This page will be in continuous reconstruction.. you can leave a comment to add more terms.
This is what we normally call the default Froyo method of storing apps on the sdcard. This is dependent on the application allowing you to store it on the sdcard. You can move apps to the sdcard on froyo by going to Settings > Applications > Manage applications. Click on an app and then click on move to sdcard. The application will be stored in a folder called .android_secure on your sdcard, in an encrypted state.
This is what we normally call the standard rooting method of storing apps onto the sdcard. This essentially tricks the phone into thinking the apps are stored on internal memory (in reality it changes the reference to point to the sdcard, instead of the internal location). The apps are actually stored on an ext partition of the sdcard (you cannot see this on the sdcard yourself)
Android Development Bridge. Command line tool used to communicate with & control the device over a USB link from a computer. The ADB command is found in the Android SDK.
App2SD is a kernel call that allows the application to be actually stored on the SD card. So large unimportant programs like Angry Birds can take up space there where there are better limits. I give Angry Birds as an example because it is so large, and many people have multiple versions. The problem with App2SD is that the card has to be in the phone, and for most people this works but for those of us who change SD cards (I do) for various reasons, you have to duplicate the apps on each and in the case of games constantly sync them so you don’t lose game-played information or do without the app when you have a different card in the phone.
An application providing a standard set of unix tools. The default toolbox provided by android is limited, so this is required to allow rooted roms/apps to use more advanced unix features.
The dalvik-cache directory holds all of the pre-compiled .dex files created from installed apps. These files are static and do not change unless the app is updated.
Data2SD is a script that allows the active data being used by applications to reside on the SD card vs internal memory. Basically it’s redirects requests to directories to the same directory on the card. It will allow you to have more active applications and not fill up the phone’s RAM or internal storage NAND with data. There are multiple versions of this script with different things being moved to the card. The problem here is that multiple active programs may try to write to the same directory at the same time on the SD card, and the SD cards can be slow to write data.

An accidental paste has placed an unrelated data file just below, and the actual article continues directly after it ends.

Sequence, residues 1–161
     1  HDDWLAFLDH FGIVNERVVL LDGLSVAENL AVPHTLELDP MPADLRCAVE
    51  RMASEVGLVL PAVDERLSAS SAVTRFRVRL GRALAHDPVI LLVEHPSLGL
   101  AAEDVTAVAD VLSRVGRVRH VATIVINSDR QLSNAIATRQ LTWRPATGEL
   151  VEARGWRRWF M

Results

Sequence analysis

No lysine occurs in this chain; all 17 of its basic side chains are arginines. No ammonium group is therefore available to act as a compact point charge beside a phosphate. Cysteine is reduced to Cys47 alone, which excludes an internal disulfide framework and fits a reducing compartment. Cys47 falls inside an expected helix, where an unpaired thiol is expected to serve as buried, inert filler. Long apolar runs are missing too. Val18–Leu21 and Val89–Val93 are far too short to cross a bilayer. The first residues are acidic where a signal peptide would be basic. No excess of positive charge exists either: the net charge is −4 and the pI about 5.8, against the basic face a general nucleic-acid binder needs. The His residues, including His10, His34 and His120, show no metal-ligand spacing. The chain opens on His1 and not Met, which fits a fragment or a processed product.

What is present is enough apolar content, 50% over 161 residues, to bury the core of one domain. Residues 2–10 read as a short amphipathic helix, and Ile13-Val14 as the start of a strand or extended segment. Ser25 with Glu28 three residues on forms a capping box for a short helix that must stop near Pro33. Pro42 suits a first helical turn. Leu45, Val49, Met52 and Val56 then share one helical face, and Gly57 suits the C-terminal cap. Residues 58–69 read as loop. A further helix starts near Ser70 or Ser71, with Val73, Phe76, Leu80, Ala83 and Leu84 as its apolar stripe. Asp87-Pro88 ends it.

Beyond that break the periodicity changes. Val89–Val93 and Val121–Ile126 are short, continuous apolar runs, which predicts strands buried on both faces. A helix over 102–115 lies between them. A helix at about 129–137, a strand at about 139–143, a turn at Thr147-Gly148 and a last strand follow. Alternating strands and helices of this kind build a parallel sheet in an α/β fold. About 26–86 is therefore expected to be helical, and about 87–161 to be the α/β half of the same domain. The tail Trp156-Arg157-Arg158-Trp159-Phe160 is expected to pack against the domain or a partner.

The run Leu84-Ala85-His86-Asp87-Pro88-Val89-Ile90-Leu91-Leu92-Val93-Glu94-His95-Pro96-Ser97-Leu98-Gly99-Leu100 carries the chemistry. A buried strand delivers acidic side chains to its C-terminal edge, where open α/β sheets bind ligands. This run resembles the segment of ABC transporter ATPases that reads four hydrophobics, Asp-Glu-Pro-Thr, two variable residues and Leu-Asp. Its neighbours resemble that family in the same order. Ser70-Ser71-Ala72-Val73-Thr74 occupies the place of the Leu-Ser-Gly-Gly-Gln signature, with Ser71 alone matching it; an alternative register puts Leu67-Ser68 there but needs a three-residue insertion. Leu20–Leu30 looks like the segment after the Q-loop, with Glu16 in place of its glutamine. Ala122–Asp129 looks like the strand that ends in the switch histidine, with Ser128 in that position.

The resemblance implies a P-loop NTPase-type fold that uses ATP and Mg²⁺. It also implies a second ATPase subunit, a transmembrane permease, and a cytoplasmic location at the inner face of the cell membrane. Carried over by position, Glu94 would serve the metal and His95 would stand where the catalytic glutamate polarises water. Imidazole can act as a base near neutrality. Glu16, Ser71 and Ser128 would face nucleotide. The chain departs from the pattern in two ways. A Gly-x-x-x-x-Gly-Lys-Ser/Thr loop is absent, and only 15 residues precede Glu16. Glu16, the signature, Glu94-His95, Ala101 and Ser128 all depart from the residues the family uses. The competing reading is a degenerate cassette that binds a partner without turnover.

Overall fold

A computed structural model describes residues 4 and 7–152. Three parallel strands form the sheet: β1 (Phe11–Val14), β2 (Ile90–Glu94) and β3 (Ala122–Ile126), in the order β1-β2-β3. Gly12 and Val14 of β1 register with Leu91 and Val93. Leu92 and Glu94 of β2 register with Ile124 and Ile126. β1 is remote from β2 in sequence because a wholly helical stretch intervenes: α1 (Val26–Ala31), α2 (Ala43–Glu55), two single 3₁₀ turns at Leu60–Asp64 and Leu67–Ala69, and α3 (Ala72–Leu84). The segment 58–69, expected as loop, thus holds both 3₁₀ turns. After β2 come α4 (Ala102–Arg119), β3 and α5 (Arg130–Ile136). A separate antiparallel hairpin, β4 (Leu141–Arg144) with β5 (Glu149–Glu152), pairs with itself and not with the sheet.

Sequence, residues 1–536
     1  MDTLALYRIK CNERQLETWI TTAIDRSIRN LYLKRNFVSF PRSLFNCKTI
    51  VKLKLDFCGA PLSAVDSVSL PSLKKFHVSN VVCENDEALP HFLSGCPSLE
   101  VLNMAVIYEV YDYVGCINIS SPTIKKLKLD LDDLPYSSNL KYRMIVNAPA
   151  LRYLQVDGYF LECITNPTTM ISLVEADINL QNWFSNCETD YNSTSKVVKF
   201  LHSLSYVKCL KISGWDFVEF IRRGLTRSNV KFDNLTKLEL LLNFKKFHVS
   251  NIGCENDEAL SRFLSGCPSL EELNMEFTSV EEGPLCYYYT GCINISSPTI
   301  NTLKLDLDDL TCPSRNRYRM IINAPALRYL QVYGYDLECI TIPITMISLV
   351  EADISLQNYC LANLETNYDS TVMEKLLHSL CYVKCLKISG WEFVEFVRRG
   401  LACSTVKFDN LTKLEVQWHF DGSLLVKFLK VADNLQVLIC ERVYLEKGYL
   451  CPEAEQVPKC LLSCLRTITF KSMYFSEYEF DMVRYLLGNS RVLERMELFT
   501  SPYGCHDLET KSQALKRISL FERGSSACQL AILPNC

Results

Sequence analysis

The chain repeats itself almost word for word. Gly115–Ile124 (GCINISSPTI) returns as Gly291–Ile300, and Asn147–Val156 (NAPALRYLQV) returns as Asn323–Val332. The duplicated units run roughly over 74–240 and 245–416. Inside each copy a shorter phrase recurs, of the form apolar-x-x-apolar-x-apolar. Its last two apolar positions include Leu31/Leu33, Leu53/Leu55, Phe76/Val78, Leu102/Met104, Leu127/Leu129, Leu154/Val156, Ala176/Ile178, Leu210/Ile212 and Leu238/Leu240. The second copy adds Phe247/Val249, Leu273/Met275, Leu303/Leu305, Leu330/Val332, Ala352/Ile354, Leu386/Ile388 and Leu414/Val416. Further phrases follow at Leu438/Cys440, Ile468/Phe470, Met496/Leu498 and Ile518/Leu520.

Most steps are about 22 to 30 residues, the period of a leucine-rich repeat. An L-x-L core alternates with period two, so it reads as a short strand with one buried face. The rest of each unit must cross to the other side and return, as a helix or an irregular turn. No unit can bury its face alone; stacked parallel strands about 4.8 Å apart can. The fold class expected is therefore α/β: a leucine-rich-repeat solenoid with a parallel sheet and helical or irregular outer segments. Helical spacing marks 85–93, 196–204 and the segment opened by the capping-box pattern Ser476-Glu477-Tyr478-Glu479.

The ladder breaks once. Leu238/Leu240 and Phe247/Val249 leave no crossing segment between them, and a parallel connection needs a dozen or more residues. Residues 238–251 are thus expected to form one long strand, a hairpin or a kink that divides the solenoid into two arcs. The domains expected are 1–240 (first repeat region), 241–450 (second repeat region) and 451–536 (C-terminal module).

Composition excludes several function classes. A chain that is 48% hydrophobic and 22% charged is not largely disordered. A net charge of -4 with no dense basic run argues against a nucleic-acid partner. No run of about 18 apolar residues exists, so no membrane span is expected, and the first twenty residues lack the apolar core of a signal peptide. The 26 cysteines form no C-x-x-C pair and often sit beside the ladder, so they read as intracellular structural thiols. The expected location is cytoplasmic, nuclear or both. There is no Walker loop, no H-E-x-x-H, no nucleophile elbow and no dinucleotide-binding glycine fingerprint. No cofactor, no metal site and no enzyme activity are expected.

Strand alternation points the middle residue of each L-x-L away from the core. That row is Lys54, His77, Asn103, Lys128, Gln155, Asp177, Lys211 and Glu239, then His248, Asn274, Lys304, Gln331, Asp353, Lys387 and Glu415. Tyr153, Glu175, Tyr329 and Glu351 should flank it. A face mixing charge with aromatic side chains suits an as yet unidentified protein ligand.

Apk files have respective odexes that devs use to supposedly save space. Deodexing means you convert it back to a .dex file and put it back inside the apk. This allows you to easily replace files, not having to worry about odexes.
A set of tools that will enable anyone who has root on their Android device to make FULL system backups, in case something goes wrong or you want to try out that new experimental ROM/theme. NANDroid will backup (and restore) /system, /data, /cache, and /boot partitions.
Firstly, this is not a radio with which you can listen to music or chat shows. The radio you often hear about within rooting is the phones communication radio. All mobile phones have a radio, which allows the phone the ability to transmit and recieve radio waves, such as phone calls. I’m not going to turn this into a technical discussion on how mobile phones work. All you need to know is that you can update the radio firmware on your phone by flashing an updated radio image (via recovery), and that some new ROMs require you to flash a later version of the radio you may already have in order to work correctly.
Using a wireless device (e.g. an Android phone) to share it’s wireless data connection to another device (e.g. laptop). With an Android device, the wireless data connection can usually be shared via WiFi, Bluetooth or USB connection.
Reduces the amount of RAM consumed when running the application by allowing data to be mmap’d in; which causes all uncompressed data within the .apk, such as images or raw files, to be aligned on 4-byte boundaries.
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